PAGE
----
How do you make writers feel welcomed?

This time of year thoughts about creating a safe and inviting classroom fill our minds. This is one of  my favorite things to think about. Today I shifted the question slightly and began thinking about writers specifically.

How can we make writers feel welcomed?

Here are some ideas I’m tossing around. More importantly, I can’t wait to read your ideas in the comments.

  • Introduce the writing center to students and then invite them to make something. For younger writers, have a selection of premade books, for older writers, have paper that will scaffold a variety of genre choices such as: narrative, letters, poetry, graphica, or feature articles.
  • Start a writer’s notebook and encourage students to make it personal. Stacey and I have blogged about many ways to help students personalize their notebooks. Here is a link for a writers notebook search I did using the search box in the upper right corner under our header. Some of the best writing advice is: Write what you know. Give students a chance to figure out what they know.
  • Give students a chance to talk about their writing lives. Host a few whip shares (everyone sits in a circle and then whip around the circle with everyone giving a short answer) that will get students talking. Some conversation starters may include: What do you like to write about? What is something you are proud of that you’ve written? Why is it important to write? What is the last thing you wrote?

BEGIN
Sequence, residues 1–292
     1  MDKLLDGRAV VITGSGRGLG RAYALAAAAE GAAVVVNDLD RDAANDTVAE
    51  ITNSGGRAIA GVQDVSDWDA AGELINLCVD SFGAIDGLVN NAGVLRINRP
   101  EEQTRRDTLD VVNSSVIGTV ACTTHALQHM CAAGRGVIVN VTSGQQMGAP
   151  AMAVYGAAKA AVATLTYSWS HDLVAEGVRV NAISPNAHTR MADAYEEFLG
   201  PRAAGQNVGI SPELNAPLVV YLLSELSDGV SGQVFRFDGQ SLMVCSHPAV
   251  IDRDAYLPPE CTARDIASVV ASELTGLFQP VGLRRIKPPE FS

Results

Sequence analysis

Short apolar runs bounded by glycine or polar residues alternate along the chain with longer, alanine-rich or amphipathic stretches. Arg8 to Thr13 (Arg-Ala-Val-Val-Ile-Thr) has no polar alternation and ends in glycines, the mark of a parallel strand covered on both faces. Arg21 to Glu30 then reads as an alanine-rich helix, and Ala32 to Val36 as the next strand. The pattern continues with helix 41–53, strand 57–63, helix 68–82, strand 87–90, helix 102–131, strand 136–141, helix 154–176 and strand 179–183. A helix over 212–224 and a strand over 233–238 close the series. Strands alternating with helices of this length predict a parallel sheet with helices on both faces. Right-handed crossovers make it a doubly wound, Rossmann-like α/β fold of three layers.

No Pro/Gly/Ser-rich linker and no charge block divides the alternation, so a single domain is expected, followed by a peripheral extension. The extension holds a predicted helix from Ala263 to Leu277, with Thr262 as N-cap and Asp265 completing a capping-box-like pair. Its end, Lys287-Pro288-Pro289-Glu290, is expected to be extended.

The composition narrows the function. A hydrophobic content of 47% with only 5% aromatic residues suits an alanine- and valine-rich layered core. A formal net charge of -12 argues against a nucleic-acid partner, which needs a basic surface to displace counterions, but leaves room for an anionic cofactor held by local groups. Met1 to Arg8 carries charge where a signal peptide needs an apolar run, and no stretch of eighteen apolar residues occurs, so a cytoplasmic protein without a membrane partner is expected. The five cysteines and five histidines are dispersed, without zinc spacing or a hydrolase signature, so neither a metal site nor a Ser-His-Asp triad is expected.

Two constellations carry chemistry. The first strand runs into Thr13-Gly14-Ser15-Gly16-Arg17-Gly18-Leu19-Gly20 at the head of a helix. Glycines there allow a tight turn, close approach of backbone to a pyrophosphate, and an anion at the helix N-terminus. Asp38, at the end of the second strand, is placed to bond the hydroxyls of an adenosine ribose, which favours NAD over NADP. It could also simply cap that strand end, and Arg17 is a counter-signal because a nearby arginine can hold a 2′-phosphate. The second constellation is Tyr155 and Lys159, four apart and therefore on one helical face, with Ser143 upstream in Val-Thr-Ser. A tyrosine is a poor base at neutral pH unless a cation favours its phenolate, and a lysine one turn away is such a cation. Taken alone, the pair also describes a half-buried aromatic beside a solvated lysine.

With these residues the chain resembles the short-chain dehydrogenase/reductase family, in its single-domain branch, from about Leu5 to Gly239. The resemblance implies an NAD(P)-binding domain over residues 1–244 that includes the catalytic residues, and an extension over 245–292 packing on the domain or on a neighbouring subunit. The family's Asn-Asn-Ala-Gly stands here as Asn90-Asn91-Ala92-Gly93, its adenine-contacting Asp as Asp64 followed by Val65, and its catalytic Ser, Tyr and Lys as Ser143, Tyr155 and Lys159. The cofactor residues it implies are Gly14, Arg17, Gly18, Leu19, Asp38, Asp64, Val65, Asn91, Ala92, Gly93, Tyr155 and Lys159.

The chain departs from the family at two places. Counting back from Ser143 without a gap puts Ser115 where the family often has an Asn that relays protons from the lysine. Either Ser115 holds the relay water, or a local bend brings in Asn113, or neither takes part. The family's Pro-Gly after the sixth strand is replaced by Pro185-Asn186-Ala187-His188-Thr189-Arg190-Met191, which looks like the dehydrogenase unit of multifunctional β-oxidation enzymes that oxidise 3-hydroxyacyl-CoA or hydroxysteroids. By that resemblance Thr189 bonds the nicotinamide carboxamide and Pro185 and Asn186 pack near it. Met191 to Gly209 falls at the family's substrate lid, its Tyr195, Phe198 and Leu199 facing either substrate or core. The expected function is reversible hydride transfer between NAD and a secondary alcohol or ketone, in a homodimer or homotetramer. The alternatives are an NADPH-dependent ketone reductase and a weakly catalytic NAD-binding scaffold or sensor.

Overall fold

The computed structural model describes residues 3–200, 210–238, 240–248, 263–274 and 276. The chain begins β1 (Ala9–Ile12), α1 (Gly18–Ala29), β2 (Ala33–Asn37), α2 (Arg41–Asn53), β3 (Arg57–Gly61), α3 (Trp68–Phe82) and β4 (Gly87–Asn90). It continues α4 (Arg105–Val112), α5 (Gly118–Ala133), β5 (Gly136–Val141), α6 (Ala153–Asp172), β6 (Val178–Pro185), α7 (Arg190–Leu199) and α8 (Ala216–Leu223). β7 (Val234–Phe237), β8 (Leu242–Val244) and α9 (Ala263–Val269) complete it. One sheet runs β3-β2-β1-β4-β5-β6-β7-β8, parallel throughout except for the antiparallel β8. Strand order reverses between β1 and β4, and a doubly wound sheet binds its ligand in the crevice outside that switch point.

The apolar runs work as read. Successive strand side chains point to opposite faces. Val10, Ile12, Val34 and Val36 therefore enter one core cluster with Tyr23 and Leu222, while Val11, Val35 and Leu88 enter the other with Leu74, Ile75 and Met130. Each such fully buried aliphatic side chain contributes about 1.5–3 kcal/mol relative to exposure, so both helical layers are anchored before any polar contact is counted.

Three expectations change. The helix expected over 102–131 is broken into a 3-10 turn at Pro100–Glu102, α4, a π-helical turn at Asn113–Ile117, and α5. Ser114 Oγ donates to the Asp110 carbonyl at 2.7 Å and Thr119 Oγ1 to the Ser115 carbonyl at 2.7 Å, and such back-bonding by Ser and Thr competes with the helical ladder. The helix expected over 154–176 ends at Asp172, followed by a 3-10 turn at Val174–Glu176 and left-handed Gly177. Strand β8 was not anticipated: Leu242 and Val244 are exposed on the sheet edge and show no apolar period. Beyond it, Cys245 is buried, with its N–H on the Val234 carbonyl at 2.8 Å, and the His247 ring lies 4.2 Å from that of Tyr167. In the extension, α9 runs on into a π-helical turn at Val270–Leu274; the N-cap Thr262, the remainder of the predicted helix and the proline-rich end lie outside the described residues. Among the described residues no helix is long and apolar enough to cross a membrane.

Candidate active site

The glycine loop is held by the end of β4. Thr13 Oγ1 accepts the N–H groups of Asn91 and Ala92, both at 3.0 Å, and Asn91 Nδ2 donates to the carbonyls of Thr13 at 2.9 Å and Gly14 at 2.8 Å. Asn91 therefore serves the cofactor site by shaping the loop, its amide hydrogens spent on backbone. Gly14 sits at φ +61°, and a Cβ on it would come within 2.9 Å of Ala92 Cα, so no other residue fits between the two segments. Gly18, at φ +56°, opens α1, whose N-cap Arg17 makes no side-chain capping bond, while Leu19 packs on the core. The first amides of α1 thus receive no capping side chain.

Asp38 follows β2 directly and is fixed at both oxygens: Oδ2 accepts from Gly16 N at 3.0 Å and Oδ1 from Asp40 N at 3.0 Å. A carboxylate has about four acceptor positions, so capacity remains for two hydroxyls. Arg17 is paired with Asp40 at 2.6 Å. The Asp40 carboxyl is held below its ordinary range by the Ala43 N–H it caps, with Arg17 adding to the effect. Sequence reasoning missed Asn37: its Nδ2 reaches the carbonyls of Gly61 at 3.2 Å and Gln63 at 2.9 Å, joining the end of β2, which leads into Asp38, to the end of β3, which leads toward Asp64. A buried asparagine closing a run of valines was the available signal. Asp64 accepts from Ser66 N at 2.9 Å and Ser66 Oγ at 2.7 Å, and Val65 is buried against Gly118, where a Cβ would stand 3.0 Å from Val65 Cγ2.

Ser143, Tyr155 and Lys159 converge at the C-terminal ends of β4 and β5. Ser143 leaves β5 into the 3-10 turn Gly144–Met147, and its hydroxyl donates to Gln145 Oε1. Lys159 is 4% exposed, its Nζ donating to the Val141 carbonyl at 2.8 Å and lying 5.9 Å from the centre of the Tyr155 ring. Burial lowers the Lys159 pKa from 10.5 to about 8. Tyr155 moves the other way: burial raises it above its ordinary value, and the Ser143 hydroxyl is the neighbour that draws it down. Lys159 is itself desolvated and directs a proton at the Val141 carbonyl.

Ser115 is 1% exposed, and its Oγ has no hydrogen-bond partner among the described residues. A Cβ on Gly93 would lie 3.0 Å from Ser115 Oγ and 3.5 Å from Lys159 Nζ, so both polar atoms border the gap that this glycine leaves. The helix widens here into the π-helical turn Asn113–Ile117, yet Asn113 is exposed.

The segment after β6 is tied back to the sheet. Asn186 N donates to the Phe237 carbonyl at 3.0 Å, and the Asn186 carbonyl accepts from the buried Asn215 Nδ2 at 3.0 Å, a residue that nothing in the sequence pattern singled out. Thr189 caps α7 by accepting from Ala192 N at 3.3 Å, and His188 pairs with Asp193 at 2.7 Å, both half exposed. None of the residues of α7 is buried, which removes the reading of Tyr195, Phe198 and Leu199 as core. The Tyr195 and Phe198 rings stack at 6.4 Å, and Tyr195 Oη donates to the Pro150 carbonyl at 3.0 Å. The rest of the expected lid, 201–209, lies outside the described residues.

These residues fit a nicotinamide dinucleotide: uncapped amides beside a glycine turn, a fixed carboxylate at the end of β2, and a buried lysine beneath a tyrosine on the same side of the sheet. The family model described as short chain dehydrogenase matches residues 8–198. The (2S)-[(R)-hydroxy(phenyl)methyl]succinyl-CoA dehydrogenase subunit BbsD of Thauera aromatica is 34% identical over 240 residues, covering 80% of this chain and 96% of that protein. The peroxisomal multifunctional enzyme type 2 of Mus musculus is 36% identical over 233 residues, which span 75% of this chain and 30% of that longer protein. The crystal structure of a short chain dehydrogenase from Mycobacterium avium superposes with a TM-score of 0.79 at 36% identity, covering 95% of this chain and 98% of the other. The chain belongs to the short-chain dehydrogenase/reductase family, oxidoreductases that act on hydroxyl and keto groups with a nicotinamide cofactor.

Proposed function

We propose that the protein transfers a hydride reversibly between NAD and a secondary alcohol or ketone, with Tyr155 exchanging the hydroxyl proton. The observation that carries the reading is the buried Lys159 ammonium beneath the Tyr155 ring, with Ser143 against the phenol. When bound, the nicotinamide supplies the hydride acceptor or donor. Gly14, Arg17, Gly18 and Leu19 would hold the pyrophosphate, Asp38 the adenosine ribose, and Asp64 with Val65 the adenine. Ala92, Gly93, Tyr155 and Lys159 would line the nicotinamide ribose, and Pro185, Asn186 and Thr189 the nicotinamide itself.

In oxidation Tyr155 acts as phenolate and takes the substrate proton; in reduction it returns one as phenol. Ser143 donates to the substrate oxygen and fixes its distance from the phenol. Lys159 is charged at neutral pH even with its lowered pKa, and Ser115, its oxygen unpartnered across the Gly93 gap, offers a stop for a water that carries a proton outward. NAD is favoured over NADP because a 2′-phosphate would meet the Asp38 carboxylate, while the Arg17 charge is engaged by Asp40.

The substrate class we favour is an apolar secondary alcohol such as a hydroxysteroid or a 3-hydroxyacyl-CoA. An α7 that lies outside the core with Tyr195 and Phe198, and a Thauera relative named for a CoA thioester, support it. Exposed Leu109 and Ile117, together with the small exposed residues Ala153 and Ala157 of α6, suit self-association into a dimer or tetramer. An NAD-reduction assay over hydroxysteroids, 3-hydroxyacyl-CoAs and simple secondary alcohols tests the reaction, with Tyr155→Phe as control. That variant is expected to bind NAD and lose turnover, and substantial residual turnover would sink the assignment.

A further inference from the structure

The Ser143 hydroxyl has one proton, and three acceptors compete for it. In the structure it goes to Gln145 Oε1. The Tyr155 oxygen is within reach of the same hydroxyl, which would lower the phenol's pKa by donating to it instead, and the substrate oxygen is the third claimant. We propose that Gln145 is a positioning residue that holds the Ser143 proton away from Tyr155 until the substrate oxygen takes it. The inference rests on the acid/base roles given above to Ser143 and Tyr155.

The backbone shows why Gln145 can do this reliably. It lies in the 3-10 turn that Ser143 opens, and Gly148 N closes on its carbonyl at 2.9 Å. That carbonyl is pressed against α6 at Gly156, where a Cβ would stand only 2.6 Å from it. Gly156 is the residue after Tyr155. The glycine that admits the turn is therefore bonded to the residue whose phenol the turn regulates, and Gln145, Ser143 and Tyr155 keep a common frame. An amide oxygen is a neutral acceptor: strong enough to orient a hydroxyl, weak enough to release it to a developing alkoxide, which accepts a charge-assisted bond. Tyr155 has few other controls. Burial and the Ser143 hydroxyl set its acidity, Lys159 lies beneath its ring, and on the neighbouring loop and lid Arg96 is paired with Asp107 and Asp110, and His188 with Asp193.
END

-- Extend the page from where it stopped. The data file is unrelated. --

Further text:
As I’m listing ideas there is a little voice pricking in the back of my mind saying something like, It doesn’t matter what you do to make writers feel welcome what matters is your response. In order to make writers feel welcomed and get excited about being a writer we must respond to their work in ways which say, “You are okay just as you are.”
Asking students to share their writing with us is asking them to be vulnerable. The first time they trust us to share their writing, we must honor the gift they are giving us. Our response ought to be one that makes them know they are valuable and realize they can trust us. Remember we have the entire school year to teach them and help them grow as writers, but only one first chance to to let them know they can trust us with their writing.